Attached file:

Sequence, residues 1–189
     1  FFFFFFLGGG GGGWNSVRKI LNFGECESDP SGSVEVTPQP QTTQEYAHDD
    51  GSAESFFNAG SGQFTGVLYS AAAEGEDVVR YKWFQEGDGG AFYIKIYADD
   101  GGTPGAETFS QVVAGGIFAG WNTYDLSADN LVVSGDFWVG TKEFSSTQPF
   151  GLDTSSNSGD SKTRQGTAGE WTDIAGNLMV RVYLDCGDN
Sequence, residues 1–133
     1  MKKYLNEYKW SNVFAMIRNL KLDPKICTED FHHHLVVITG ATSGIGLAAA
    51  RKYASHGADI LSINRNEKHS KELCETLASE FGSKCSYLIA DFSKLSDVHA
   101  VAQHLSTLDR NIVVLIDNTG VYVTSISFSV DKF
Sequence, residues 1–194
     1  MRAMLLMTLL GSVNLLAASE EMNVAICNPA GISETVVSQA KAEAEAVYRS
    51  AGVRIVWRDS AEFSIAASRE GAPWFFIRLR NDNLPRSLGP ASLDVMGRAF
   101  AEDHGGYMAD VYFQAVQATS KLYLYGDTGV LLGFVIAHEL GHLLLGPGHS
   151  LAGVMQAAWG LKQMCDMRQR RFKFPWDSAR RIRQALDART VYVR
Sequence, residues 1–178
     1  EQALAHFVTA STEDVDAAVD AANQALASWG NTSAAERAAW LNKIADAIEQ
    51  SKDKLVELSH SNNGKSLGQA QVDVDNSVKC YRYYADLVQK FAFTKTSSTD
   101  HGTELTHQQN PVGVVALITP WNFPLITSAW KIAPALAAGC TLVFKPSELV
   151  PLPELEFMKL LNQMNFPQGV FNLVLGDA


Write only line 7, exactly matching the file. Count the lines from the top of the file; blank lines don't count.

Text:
     1  MKKYLNEYKW SNVFAMIRNL KLDPKICTED FHHHLVVITG ATSGIGLAAA